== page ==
TUPELO • A former Tupelo High School teacher began serving a 10-year sentence in state prison this week.

Early Monday morning, Braden Bishop, 37, of Tupelo, was transported from the Lee County Jail to the Central Mississippi Correctional Facility in Pearl.

Bishop pleaded guilty Nov. 8 to the sexual battery and fondling of a 16-year-old female student. Lee County senior Circuit Court Judge Paul Funderburk sentenced Bishop to 10 years in prison (with 35 years suspended) and to register as a sex offender for the rest of his life.

Under state law, the sentence will have to be served day for day with no chance of parole or time off for good behavior. His tentative release date is Nov. 5, 2029, when he will be 47.

After pleading guilty and being sentenced, Bishop sat in the county jail for more than four weeks until the Mississippi Department of Corrections showed up Monday. According to the jail docket book, Bishop was released to the custody of MDOC at 4:15 a.m. Dec. 9.

“By law, we have up to 30 days to transport a prisoner to a state facility,” said MDOC communications director Grace Simmons Fisher.

There can also be a lag between the sentencing and someone being entered into the MDOC computer system. That delay can lead to the time from sentencing to entering a state prison being more than a calendar month.

In the last few months, the 31 days it took Bishop to make it to the Rankin County facility is about normal. Tah Hudson, 18, of Tupelo, pleaded guilty Oct. 30 to two counts of burglary and stealing a car. He was transferred to MDOC custody 33 days later on Dec. 2. Brian Austin Robison, 26, of Saltillo, had his probation revoked in early October. He began serving a pair of sentences suspended in 2017 on Nov. 4, some 33 calendar days later.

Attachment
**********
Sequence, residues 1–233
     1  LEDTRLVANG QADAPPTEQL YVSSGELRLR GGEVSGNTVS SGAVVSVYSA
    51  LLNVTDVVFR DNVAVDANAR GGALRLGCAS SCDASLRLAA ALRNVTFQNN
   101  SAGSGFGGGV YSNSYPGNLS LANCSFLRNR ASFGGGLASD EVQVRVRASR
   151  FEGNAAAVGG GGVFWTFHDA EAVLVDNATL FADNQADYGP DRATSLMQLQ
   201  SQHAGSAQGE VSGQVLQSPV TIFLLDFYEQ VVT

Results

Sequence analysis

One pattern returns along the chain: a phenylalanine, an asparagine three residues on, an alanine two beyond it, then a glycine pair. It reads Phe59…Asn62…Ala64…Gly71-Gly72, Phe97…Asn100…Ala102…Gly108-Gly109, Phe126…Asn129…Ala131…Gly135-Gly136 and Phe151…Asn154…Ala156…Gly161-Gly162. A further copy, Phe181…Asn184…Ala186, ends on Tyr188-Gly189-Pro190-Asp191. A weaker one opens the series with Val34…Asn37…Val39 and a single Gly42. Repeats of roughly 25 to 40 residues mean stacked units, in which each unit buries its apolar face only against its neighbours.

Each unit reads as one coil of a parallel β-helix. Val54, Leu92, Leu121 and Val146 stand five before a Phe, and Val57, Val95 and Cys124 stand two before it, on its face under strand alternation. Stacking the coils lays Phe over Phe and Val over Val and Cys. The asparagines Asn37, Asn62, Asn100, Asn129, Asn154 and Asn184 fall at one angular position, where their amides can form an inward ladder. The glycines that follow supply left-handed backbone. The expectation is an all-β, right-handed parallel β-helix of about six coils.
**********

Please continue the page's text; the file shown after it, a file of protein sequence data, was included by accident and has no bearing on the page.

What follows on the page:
The recent exception was Antonio Gladney, 37, of Shannon, who was sentenced to life for killing his own mother on Mother’s Day 2017. Gladney spent 30 months in the county jail. He pleaded guilty on Nov. 18 and a week later, he was on his way to Pearl.

For security reasons, MDOC does not give advance warning – to prisoners, families or jail staff – about when they will pick up prisoners from county jail. Generally, they will show up unannounced in the middle of the night and be back on the road well before sunrise.

Bishop was originally indicted on five felony sex charges and faced up to 135 years in prison before withdrawing his not guilty plea. Just more than a year after being charged, he pleaded guilty to two of the charges. On the sexual battery charge, the judge sentenced Bishop to 30 years in prison, but suspended 20 years. On the fondling charge, Funderburk imposed a 15-year suspended sentence. Once released, there will be another five years of probation.

If Bishop does not abide by the terms of the probation, he could be forced to serve the 35 years the judge suspended.



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